“Intersexuality needs to be articulated. As long as it remains hidden, we don’t know how to address it. Neither can we tackle the problems because we don’t even know what they are and where to begin,” says Wang, whose academic studies focus on gender and medicine.
As the only Asian representative to attend the international intersex forum organized annually by the International Lesbian, Gay, Bisexual, Trans and Intersex Association (ILGA), one of the world’s biggest LGBTI organizations, Chiu has attempted to reach out to people like her/himself in Asian, countries including Hong Kong, Thailand, Malaysia and the Philippines, through online communities. S/he has also set up a private online group in China, off-limit to non-intersex people since the stigma and discrimination intersex individuals face are much severer there than in Taiwan.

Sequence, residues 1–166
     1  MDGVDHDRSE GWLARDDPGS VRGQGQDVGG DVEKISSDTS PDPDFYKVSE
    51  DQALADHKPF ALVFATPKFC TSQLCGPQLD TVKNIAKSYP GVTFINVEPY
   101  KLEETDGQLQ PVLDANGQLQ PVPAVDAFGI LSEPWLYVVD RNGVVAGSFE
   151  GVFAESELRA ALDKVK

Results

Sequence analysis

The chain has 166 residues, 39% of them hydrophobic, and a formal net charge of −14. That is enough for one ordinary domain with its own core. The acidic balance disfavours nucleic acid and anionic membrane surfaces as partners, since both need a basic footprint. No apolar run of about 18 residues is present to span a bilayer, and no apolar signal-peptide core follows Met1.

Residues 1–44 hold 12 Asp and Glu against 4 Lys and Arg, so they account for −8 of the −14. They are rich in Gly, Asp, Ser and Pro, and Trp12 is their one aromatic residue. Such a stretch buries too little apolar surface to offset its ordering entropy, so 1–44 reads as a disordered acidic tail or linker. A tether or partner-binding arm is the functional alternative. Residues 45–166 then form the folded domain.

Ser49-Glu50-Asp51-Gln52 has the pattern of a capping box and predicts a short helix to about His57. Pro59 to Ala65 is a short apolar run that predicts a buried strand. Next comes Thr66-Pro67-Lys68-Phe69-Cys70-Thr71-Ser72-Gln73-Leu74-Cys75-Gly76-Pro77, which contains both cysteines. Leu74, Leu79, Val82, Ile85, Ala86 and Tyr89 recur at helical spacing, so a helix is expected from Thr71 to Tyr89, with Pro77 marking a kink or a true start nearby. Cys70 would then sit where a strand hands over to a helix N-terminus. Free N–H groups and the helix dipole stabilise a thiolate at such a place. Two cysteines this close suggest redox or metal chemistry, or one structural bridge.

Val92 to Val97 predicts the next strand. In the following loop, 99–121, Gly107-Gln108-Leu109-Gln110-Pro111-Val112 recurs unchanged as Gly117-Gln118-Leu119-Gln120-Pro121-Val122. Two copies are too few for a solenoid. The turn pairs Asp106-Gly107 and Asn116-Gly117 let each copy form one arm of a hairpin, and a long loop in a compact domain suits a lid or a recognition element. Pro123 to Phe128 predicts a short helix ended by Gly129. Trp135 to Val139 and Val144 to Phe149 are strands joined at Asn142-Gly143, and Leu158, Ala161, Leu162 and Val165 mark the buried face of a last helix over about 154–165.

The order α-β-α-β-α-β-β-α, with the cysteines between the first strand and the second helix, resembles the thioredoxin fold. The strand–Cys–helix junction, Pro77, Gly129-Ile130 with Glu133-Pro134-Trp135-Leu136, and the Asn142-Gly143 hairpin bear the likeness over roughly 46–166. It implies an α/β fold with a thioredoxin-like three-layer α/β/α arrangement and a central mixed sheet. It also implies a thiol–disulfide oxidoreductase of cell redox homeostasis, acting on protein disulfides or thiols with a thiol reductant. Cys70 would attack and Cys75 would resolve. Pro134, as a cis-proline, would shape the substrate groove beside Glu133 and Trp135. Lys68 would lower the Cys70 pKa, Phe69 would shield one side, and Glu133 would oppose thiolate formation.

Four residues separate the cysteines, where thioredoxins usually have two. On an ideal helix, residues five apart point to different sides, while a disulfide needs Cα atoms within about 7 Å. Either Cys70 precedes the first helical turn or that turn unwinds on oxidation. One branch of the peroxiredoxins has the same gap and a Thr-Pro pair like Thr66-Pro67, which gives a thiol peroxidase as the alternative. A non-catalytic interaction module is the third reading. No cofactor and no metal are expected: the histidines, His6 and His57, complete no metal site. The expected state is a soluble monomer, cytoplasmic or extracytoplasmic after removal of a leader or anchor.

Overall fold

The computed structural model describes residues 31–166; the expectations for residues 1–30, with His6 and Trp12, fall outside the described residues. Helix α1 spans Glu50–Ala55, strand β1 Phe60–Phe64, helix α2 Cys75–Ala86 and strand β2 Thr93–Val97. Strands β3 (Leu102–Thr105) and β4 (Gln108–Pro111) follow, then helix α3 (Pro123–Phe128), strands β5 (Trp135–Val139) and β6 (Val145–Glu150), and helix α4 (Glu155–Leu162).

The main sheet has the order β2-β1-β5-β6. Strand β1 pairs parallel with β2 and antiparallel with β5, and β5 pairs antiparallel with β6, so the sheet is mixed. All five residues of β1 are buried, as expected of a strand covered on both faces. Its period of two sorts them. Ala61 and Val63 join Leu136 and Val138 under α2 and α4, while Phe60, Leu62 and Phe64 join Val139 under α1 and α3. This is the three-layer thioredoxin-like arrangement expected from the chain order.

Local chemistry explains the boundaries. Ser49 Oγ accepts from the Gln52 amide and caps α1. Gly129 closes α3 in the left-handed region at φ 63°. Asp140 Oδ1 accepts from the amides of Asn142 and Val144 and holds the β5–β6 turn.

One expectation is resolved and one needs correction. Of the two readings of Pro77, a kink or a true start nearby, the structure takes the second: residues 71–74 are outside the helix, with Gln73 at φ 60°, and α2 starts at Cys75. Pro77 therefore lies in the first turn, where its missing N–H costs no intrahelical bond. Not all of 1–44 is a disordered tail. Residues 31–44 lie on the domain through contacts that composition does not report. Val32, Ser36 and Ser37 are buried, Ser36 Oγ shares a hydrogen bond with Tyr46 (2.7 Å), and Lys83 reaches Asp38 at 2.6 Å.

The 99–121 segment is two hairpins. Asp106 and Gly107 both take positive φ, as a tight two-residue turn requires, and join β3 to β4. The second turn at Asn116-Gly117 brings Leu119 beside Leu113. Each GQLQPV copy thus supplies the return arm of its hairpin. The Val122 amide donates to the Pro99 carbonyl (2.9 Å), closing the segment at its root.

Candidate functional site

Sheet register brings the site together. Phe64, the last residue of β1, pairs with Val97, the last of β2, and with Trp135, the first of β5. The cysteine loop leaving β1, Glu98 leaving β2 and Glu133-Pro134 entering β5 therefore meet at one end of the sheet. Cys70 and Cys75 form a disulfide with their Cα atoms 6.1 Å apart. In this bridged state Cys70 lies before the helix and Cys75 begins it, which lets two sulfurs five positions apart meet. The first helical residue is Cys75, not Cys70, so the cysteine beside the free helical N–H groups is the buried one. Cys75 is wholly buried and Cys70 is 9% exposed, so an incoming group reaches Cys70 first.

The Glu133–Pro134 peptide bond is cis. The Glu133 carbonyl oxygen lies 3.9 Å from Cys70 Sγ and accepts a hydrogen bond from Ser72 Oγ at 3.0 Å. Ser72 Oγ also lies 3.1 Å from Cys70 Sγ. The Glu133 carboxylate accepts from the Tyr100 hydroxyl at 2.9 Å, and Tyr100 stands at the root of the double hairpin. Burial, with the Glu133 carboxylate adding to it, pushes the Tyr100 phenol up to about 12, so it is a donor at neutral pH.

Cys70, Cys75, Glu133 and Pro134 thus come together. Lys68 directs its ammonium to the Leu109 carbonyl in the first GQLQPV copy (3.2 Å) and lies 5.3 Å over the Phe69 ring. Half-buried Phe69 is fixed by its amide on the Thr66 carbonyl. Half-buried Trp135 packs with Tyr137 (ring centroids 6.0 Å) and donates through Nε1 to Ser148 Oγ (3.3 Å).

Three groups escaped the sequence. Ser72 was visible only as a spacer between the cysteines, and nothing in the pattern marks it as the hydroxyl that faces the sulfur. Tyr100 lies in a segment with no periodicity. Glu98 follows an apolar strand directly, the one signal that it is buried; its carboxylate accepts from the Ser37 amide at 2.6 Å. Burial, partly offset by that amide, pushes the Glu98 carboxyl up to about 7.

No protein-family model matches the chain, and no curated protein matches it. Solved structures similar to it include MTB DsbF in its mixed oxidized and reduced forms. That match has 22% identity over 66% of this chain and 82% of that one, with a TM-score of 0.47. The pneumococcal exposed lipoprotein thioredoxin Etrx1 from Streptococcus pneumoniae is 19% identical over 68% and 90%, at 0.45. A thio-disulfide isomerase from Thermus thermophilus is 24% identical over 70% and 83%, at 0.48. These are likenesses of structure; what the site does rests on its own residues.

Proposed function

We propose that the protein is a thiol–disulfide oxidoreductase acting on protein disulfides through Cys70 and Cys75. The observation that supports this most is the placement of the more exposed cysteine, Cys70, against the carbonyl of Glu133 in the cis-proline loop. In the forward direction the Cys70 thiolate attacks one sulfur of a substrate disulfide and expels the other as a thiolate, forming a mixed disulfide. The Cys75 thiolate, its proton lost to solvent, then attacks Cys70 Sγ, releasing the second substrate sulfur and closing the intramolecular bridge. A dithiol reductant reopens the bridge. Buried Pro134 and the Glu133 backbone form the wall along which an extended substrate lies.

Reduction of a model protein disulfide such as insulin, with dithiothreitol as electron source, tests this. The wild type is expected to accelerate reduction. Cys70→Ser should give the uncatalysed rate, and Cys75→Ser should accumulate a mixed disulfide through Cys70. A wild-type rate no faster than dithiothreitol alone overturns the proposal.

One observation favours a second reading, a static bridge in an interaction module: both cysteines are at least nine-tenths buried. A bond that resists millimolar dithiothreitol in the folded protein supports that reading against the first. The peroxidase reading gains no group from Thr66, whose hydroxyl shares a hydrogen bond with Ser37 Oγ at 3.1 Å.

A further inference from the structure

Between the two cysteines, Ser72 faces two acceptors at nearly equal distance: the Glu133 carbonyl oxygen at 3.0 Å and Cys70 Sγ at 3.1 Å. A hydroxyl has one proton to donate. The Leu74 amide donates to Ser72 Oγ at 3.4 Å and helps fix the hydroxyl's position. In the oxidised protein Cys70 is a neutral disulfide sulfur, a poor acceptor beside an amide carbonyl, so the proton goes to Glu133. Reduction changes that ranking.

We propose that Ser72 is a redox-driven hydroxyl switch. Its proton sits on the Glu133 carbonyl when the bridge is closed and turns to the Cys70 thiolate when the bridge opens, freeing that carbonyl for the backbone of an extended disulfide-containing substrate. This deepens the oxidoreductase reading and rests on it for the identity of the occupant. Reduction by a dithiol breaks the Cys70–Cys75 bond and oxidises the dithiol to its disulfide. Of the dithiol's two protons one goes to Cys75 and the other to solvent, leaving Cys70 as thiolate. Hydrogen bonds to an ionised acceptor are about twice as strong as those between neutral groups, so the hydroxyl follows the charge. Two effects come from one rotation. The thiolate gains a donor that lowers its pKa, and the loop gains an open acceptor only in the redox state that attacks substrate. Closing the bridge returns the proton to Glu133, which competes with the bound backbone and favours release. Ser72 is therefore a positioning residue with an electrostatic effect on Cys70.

To the advocate, visibility is essential if intersex individuals are to stop living in isolation.
“We are just beginning to understand who we are. If we don’t find others, don’t know how others live, how are we going to have our own stories, our own voices,” Chiu says.
“The Taiwanese society is relatively friendly, and we have a relatively strong LGBT movement…. I feel I am ready to share my experiences with others, to seek out and look after my people.”
I sat down this week for a chat with Taiwan Internet stalwart T. H. Schee (徐子涵, @scheeinfo on Twitter). Schee’s career for the last two decades has been focused on Internet and public policy in Taiwan. At 24, in 2002, Schee became project manager at Yam.com for blogs. Since then he has been involved in the digital transformation of Taiwan, consulting for and participating on government, academic and private organizations and panels. He has built up a reputation for his work on the intersection of Internet and public policy. Schee was invited to a UN expert council in 2011 based